Wednesday, September 30, 2009

Education, A Form Of Repentence

School has taken full swing this week.  Last year we started a new course of study... found at . 

Anyways, last year I wasn't really prepared for what I needed to do, and so now I feel that last year was a "preparation" year.  It was really stressful, and I didn't finish a lot of things, but now starting this year has been exhilarating. I know what to expect, and that's helped a lot. I've taken a deeper interest in my studies than I have done before.

Lately I have viewed my studies as less of a boring, tedious thing to get through so I can graduate and "move on", and more of a learning experience that develops the mind and smooths down the rough edges, an exciting adventure that involves learning about the birth of a country, the progression of politics, etc.  But I didn't come to this on my own.  It took a few years, and most of it is due to my mother's perseverance.  Something else that helped came just a few days ago. Mother read to us an article about education.  The person who wrote it quoted George Grant:

"At the beginning of every academic year I like to remind myself and my students that true education is a form of repentance. It is a humble admission that we've not read all that we need to read, we don't know all that we need to know, and we've not yet become all that we are called to become. Education is that unique form of discipleship that brings us to the place of admitting our inadequacies. It is that remarkable rebuke of autonomy and independence so powerful and so evident that we actually shut up and pay heed for a change."

This changed my view of school a lot. Not only is studying always new and exciting, but it's also humbling.  I realized that hating school, detesting it, and not being willing to put up with it were all rebellious, prideful thoughts.  If you really think about it, it's true.

God has created so much, not just in the natural world, but with history, languages - which eventually turn into grammar and English - art... So many more!  We would be fools to not want to learn about His work, and His plan - as far as it's been revealed, not in our personal lives only but in everything! in history, progression... etc. In everything.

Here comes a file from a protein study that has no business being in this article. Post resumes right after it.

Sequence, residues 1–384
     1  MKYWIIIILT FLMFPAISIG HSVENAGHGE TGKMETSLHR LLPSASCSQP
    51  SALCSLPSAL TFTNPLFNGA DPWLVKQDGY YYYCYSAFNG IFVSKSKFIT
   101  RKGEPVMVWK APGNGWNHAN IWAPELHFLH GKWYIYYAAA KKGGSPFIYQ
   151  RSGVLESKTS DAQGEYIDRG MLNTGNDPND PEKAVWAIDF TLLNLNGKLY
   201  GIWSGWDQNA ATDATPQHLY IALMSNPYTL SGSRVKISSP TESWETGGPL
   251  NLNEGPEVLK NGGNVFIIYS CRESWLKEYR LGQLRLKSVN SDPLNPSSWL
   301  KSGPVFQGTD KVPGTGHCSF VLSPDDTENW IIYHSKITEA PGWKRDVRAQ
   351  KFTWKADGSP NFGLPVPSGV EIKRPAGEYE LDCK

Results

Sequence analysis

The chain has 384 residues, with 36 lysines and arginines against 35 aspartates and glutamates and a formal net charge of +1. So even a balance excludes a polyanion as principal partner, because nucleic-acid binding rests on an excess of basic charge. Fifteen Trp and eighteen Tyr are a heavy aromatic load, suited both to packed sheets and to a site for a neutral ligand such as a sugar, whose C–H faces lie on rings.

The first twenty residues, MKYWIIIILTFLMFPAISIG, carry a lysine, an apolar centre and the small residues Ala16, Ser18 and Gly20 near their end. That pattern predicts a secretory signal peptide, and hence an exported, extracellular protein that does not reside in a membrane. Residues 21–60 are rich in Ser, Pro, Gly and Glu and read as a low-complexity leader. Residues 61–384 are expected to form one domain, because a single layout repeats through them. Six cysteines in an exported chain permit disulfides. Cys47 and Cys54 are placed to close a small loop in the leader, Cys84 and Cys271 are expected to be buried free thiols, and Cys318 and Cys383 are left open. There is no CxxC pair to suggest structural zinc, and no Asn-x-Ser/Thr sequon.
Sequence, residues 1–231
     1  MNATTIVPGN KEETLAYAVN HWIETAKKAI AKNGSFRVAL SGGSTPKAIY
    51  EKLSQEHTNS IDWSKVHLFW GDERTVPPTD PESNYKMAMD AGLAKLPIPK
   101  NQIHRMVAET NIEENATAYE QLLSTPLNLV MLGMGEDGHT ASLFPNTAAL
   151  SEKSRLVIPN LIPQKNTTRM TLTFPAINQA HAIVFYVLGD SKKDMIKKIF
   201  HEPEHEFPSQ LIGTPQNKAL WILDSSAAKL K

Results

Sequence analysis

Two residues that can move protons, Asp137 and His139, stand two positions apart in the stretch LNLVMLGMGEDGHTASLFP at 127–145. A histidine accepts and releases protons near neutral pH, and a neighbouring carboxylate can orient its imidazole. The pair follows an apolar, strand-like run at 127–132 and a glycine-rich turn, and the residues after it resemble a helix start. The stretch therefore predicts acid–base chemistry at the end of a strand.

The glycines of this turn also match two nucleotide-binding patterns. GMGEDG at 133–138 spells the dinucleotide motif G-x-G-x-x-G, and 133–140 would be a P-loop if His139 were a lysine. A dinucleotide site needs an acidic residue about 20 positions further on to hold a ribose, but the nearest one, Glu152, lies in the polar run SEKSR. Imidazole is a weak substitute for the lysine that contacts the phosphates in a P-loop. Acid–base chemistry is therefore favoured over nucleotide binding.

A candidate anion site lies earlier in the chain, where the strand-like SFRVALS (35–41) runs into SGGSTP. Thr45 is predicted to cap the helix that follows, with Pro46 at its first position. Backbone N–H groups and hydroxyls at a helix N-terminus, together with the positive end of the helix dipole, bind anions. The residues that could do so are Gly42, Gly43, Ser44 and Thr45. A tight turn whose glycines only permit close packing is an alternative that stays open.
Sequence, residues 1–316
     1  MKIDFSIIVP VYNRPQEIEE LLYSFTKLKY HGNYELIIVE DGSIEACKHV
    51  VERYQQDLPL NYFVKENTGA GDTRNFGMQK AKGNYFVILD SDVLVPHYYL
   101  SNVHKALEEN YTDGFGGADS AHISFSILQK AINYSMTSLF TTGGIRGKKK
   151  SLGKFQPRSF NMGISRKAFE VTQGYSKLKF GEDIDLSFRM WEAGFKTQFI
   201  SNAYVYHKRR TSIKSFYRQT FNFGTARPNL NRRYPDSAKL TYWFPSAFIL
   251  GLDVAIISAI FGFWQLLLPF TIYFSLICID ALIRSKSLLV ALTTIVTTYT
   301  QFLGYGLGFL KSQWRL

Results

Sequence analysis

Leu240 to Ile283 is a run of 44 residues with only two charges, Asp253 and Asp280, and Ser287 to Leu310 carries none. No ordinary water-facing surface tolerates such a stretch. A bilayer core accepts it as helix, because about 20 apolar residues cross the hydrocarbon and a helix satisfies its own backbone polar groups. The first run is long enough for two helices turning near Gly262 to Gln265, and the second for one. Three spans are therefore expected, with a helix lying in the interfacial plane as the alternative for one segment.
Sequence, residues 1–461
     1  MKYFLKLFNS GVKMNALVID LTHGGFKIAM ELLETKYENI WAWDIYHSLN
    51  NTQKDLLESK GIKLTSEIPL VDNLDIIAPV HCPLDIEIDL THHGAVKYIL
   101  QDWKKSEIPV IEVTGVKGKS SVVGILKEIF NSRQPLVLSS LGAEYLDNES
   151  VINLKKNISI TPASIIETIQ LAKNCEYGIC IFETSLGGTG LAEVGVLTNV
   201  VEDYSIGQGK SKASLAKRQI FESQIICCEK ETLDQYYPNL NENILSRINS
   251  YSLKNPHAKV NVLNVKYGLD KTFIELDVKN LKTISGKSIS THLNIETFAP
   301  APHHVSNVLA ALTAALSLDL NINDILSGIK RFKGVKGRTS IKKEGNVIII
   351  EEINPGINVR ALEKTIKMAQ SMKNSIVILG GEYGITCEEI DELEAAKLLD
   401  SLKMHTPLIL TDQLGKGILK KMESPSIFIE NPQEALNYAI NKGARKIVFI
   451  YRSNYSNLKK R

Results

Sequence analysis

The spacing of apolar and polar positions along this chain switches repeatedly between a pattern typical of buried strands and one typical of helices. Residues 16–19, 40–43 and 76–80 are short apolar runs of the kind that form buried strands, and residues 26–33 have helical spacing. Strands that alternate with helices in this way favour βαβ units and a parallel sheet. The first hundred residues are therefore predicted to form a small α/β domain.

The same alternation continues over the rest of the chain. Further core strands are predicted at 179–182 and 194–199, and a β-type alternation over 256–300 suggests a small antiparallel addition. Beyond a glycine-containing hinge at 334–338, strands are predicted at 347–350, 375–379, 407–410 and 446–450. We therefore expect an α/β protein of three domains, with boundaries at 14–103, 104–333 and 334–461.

here's the link to the entire article. I haven't read the whole thing, but my mother did and she said it was very good. :)

Correction - I accidentally linked to the lady who quoted George Grant. Here is the link to the article by George Grant.

Tuesday, September 15, 2009

Inverness and Skye

Thursday night, Nana and I left at 9:00 PM on the Caledonian Sleeper Train bound for Inverness, Scotland.  We arrived around 8 the next morning. Train ride was beautiful. Highlands are ruggedly glorious. The beauty is almost harsh, but beautiful all the same.  Inverness was smaller, and the view more hilly and jagged than I expected, but then again it is the capital of the Highlands. The thing I love about these Scottish towns is that there are so many old stone buildings, churches, etc., that it makes the town seem old and so full of history.  The land isn't marred by huge modern business... boxes... and such, but most of the businesses use these older buildings. Anyways, I liked Inverness. But then when we rented our car (Aunt Paula and Chloe got in on a train a few hours later), we all drove to Skye. And that... was... gorgeous.  It's so isolated - almost my kind of thing - and everybody is so friendly, not only to tourists, but also towards each other. And yes, everybody there has the coolest Scottish accent. And so I fell in love with Skye, and felt heart broken when we had to leave.